This Week in Review – February 21-25, 2011 ?· This Week in Review – February 21-25, 2011 (1) ...…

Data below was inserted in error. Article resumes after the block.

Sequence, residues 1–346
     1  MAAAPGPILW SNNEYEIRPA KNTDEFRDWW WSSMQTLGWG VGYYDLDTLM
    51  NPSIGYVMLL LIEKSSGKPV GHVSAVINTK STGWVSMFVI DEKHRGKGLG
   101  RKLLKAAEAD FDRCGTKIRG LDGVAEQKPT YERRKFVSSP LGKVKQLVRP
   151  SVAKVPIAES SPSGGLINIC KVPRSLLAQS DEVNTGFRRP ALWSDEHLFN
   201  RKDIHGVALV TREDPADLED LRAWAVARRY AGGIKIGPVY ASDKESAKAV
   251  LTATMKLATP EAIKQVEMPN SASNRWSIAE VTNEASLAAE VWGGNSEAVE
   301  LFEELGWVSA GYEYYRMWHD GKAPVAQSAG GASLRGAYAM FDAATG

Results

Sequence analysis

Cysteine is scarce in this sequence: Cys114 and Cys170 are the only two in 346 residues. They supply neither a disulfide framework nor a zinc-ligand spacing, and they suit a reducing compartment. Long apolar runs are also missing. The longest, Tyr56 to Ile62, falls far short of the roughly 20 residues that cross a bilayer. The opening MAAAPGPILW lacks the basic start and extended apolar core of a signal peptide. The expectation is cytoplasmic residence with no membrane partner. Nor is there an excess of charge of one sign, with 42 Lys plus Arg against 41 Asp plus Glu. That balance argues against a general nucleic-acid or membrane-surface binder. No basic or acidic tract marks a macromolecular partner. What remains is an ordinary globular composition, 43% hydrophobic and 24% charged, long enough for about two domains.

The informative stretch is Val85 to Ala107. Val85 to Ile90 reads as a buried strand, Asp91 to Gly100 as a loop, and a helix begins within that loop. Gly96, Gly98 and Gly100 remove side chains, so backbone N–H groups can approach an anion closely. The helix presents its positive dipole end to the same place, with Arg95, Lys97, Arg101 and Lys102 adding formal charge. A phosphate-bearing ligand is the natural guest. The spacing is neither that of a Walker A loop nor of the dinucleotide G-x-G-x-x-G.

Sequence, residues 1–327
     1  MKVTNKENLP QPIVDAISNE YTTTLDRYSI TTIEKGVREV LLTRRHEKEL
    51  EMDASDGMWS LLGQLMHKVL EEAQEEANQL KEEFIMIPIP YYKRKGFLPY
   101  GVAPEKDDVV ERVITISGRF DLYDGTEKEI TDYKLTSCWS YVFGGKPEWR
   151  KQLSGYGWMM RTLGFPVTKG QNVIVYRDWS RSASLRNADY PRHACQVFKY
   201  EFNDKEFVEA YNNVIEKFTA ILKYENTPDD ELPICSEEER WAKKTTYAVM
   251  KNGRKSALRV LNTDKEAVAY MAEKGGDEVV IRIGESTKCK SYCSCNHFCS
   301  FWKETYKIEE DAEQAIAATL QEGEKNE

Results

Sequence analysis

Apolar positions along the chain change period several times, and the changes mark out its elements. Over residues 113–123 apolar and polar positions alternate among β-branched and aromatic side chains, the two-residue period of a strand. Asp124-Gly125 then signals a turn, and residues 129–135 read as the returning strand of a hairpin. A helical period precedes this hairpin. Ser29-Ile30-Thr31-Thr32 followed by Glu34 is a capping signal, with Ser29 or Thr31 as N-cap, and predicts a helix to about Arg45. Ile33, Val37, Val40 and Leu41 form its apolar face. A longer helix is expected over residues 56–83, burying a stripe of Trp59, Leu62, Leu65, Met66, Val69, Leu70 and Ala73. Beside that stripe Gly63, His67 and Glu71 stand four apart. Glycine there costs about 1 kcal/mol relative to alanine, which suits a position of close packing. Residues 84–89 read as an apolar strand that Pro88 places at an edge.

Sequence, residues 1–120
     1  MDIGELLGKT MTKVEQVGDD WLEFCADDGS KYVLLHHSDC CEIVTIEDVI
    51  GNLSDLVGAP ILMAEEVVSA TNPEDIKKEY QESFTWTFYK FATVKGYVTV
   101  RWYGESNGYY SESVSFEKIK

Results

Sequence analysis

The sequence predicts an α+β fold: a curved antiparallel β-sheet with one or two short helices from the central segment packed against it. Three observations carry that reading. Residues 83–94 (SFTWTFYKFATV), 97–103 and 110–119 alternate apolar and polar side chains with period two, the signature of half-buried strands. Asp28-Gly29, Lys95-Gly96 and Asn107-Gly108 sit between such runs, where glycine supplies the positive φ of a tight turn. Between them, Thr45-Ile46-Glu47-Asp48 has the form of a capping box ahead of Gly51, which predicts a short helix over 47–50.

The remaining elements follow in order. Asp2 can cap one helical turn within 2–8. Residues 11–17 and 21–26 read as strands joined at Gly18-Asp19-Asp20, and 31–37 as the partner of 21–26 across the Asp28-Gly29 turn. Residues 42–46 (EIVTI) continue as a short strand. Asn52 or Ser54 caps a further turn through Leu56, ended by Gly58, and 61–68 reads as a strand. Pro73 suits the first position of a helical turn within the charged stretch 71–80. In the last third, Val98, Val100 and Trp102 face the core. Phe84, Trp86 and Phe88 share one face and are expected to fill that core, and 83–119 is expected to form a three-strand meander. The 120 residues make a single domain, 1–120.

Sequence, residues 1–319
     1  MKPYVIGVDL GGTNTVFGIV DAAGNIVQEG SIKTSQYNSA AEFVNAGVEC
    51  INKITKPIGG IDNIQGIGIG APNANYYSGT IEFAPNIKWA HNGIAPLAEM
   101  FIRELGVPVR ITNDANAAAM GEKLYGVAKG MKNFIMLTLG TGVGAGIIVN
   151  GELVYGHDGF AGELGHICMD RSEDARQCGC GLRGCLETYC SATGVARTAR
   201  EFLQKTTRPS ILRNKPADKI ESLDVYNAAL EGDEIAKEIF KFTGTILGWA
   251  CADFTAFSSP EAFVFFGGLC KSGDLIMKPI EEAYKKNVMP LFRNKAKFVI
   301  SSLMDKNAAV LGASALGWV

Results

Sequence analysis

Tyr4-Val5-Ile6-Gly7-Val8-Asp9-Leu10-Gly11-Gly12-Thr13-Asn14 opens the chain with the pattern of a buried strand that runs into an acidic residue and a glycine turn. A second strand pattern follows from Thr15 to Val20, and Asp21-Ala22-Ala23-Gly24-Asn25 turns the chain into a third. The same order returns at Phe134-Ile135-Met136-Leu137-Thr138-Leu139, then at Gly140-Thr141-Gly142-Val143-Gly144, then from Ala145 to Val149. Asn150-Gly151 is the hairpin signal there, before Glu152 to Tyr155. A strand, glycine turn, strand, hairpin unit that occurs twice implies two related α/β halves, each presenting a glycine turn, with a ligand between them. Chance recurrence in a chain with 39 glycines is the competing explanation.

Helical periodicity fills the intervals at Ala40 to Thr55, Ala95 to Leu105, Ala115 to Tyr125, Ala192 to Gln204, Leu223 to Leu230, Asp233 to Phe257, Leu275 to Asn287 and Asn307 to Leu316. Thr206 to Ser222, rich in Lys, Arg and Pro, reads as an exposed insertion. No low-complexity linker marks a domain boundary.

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<ul><li><p> This Week in Review February 21-25, 2011 </p><p> (1) EPA Issues Final Area and Major Source Air Toxics Standards for Industrial Boilers (February 23, 2011) EPA issued final rules under section 112 of the Clean Air Act to address emissions of hazardous air pollutants (HAPs) from Industrial, Commercial and Institutional Boilers located at major and area sources. The major source standard the MACT will also apply to process heaters. The rules which are intended to reduce emissions of mercury, dioxin, particulate matter (as a surrogate for non-mercury metals), hydrogen chloride (as a surrogate for acid gases) and carbon monoxide (as a surrogate for non-dioxin organic air toxics) include 15 different subcategories of boilers and process heaters and impose specific requirements for each. EPA estimates that there are over 13,000 major source boilers and 187,000 area source boilers nationally. The rules would avoid between 2,500 and 6,500 premature deaths annually. According to EPA, the rule would provide an estimated benefit of between $15 and $36 for every dollar spent, and is half the estimated cost of the proposal. EPA also estimates that the rules would create over 2,000 new jobs. Changes in the rules since the proposal include creating a solid-fuel category, instead of separate biomass and coal subcategories; allowing work-practice standards, rather than emission limits, for additional source categories, including units burning gases other than natural gas and refinery gas; and allowing work practice standards for periods of startup and shutdown. EPA decided to not allow the use of the health-based compliance alternative (risk-based exemption), that it discussed in the proposal. EPA announced that it plans to issue a notice that it will reconsider elements of the boiler rules and solicited input on other aspects of the rules that should be reconsidered as well. At the same time as the issuance of the boiler rules, EPA also issued standards for Commercial/Industrial Solid Waste Incinerators (CISWI) and Sewage Sludge and a new definition of solid waste, which could recategorize some boilers as CISWI Incinerators (see related articles below). [For further information:] (2) EPA Issues Air Toxics Standards for Commercial/Industrial Solid Waste Incinerators (February 23, 2011) EPA issued New Source Performance Standards and emissions guidelines for emissions of hazardous air pollutants from Commercial/Industrial Solid Waste Incinerators (CISWIs) under section 129 of the Clean Air Act. CISWIs are boilers that burn non-hazardous solid wastes, not including municipal or medical solid waste incinerators. The new rule calls for </p></li><li><p>2 </p><p>reductions at 85 of the 88 CISWI units in the country. It imposes emission limits for mercury, lead, cadmium, hydrogen chloride, particulate matter, carbon monoxide, dioxins/furans, nitrogen oxides and sulfur dioxide. Sources can choose to meet the emissions limits or use alternative waste-disposal options (e.g., diverting waste to landfills). EPA estimates the cost to be $218 million annually, with benefits totaling $360 million to $870 million annually. As with the boiler rules, EPA will issue a notice that it plans to reconsider some parts of the rule and solicits input on specific elements the public recommends for reconsideration. EPA also issued a new definition of solid waste, which could recategorize some boilers as CISWI (see related article below). [For further information:] (3) EPA Issues Definition of Non-Hazardous Solid Waste that Affects Boiler and CISWI Applicability (February 23, 2011) EPA issued a new definition of non-hazardous solid waste under the Resource Conservation and Recovery Act that has implications for the newly announced Boiler and Commercial and Institutional Solid Waste Incinerators (CISWI) regulations that were released on the same day. EPAs new definition expands the universe of items that can be defined as fuels rather than solid waste to include whole scrap tires, resinated wood residuals (that are transferred off-site to be used as raw materials for fuels) and abandoned coal refuse. Incinerators that burn items that are defined as solid wastes are subject to the more stringent CISWI rule, while those that burn fuels are generally subject to the Boiler rule. [For further information:] (4) Six Senators Express Concerns about Boiler Rules and Offer EPA Assistance (February 18, 2011 ) A bipartisan group of six senators wrote to EPA Administrator Lisa Jackson to express concern over the sources that will be regulated by the upcoming Boiler MACT and offer assistance to EPA in developing a new rule. The senators, including Lamar Alexander (R-TN), Susan Collins (R-ME), James Inhofe (R-OK), Mark Warner (D-VA), Ben Nelson (D-NE) and Rob Portman (R-OH), articulated concern about boilers and their vulnerability to excessive and expensive regulatory burdens. They emphasized the importance of a final rule that includes achievable standards, protects public health and fosters economic recovery and job retention. They also expressed concern that the courts decision not to provide a later deadline would not provide enough time for improvements to the rule. Finally, the senators offered assistance in finding a way to allow EPA to develop new rules that are achievable, protect public health and preserve the economy and jobs. [For further information:;ContentRecord_id=3a7ababc-802a-23ad-4de4-202ae5db0c88] (5) EPA Seeks Input on Developing a Plan for Retrospective Review of Its Regulations (February 23, 2011) EPA is soliciting public input on the design of a plan for conducting periodic retrospective reviews of its regulations. On January 18, 2011, President Obama issued an Executive Order (EO 13563) calling on all federal agencies to conduct a retrospective analysis of rules that may be </p></li><li><p>3 </p><p>outmoded, ineffective, insufficient, or excessively burdensome and to modify, streamline, expand, or repeal them in accordance with what has been learned. EPA intends to publish its retrospective review plan by late May or early June. EPA will hold a public hearing on March 14, 2011; public input is due to EPA by March 20, 2011. [For further information: 76 Federal Register 9988] (6) Presidents Economic Report Highlights Clean Energy (February 23, 2011) The annual Economic Report of the President presents the Administrations domestic and international economic policies and provides an overview of the nations economic progress. In this years report, the Obama Administration focuses on several issues in particular: health care reform, clean energy and small businesses. In the chapter entitled Transitioning to a Clean Energy Future, the Administration states that [i]t is increasingly clearthat existing energy supplies pose risks to national security, the environment, the climate, and the economy. To counter those risks, while recognizing the continued importance of safe, responsible oil and gas production to the economy, the Administration is committed to moving the Nation toward use of cleaner sources of energy with the potential to support new industries, exports, and high-quality jobs; to improve air quality and protect the climate; and to enhance Americas energy security and international competitiveness. In addition to noting steps it has already taken to attain these goals such as providing for energy investments through the Recovery Act, establishing motor vehicle greenhouse gas standards for model years 2012 through 2016 and doubling the renewable energy standard the Administration elaborates on several of the proposals offered last month by the President in his State of the Union address, such as a federal clean energy standard for electricity; additional investments in energy efficiency; a substantial commitment to transportation infrastructure, including significant investment in high-speed rail and initiatives to achieve the goal of 1 million electric and hybrid vehicles on the road by 2016; and increased investments in energy research and development. [For further information:] (7) EPA Sued Over E15 Decision for MY 2001 through 2006 Vehicles (February 18, 2011) Four organizations filed suit in the U.S. Court of Appeals for the District of Columbia Circuit challenging EPAs January 26, 2011 decision to allow the use of E15 (gasoline fuel containing 15 percent ethanol) in model year (MY) 2001 through 2006 vehicles. The Alliance of Automotive Manufacturers, Association of Global Automakers, National Marine Manufacturers Association and Outdoor Power Equipment Institute did not, however, challenge EPAs waiver for the use of E15 in MY 2007 and newer vehicles a decision the agency announced last fall. [For further information: Air Web Mobile Sources and Fuels Committee page] (8) NACAA Comments on EPA Proposed Residual Risk and Technology Review for Shipbuilding and Repair and Wood Furniture Manufacturing (February 22, 2011) NACAA submitted comments on EPAs proposed Residual </p></li><li><p>4 </p><p>Risk and Technology Review for two source categories: Shipbuilding and Ship Repair and Wood Furniture Manufacturing. NACAA expressed concern about some elements of the residual risk assessment EPA used for both source categories, including the use of the centroid of the census block to estimate impacts, EPAs reliance on actual instead of allowable emissions and why the agency did not consider certain factors recommended in the Environmental Justice Strategic Enforcement Assessment Tool. Specifically for Shipbuilding and Ship Repair, NACAA expressed concern that EPA based its decision that no additional controls are needed in part on a lack of data and urged the agency to gather additional information before determining that no further controls are warranted. The proposed rule was published in the Federal Register on December 21, 2010 (75 Federal Register 80220). [For further information: Air Web Air Toxics Committee page and Top Headlines] (9) EPA Issues Air Toxics Standards for Sewage Sludge Incinerators (February 23, 2011) EPA issued New Source Performance Standards and emissions guidelines for emissions of hazardous air pollutants from Sewage Sludge Incinerators (SSIs) under section 129 of the Clean Air Act. These units burn dewatered sewage sludge, usually at wastewater treatment facilities, and are typically either a multiple hearth or fluidized bed type of unit. The rule is expected to reduce emissions of mercury, metals and organic air toxics, including dioxins/furans and will likely affect 204 units across the country (although 115 are already meeting the new emissions limits). EPA estimates the annual cost to be $18 million and the benefits to be $21 million to $52 million by 2015. While the SSI rule was issued along with the Boiler and CISWI rules, it will not be included in the reconsideration that the agency plans for the other two rules. [For further information: [For further information:] (10) UNEP Releases Report Identifying Climate Benefits of Reducing Black Carbon and Tropospheric Ozone (February 23, 2011) The UN Environment Program (UNEP) released a report touting the climate benefits of reducing emissions of black carbon and tropospheric ozone, including methane, a powerful greenhouse gas and also an ozone precursor. In the report, UNEP identifies a portfolio of measures that could halve the potential increase in global temperature projected for 2050. Targeting black carbon and methane can have an almost immediate climate benefit since they are short-lived in the atmosphere, as opposed to carbon dioxide. In addition to helping in the effort to stop global warming, full implementation of the identified measures could avoid 2.4 million premature deaths and the loss of 1 to 4 percent of the global production of maize, rice, soybean and wheat each year. The suggested black carbon reduction measures include the installation of diesel particulate filters, cleaner cookstoves and improved brick kilns, and for methane they include using landfill biogas as fuel, recovering and flaring natural gas from oil and natural gas production and managing livestock manure. [For further information:] </p></li><li><p>5 </p><p>(11) Coral Reefs Threatened by Global Warming (February 23, 2011) The World Resources Institute released a report on the status of coral reefs worldwide, finding that many of them are threatened by global warming, particularly by the increased acidification of oceans. Rising levels of carbon dioxide in the oceans are altering ocean chemistry and increasing the acidity of ocean water, reducing the saturation level of aragonite, a compound corals need to build their skeletons. By 2030, fewer than half the worlds reefs are projected to be in areas where levels of aragonite are ideal for coral growth, suggesting that coral growth rates could be dramatically reduced. By 2050, only about 15 percent of reefs will be in areas where aragonite levels are adequate for coral growth. In addition, if greenhouse gas emissions continue on a business-as-usual path, during the 2050s more than 95 percent of coral reefs will experience thermal stress sufficient to induce severe bleaching in most years. The combined impacts of ocean warming and acidification will push the percentage of threatened reefs to more than 90 percent by 2030. By 2050, nearly all reefs will be affected by warming and acidification and almost all reefs will be classified as threatened, assuming there is no change in local pressure on reefs. [For further information:] </p><p>The Week Ahead EPA Public Hearing on Carbon Monoxide NAAQS Proposal, in Arlington, VA </p><p>February 28, 2011 House Energy and Commerce Subcommittee on Energy and Power Hearing </p><p>on EPAs Greenhouse Gas Regulations and Their Effect on American Jobs, in Washington, DC March 1, 2011 </p><p> EPA Residential Wood Smoke Workshop, in Salt Lake City, UT March 1-3, 2011 </p><p> Senate Environment and Public Works Committee Hearing on EPAs Fiscal Year 2012 Budget, in Washington, DC March 2, 2011 </p><p> EPA GHG NSPS Listening Session for Petroleum Refinery Industry Representatives, in Washington, DC March 4, 2011 </p><p>NACAA 444 North Capitol Street, NW, Suite 307 </p><p>Washington, DC 20001 Tel: (202) 624-7864/Fax: (202) 624-7863 </p><p> </p></li></ul>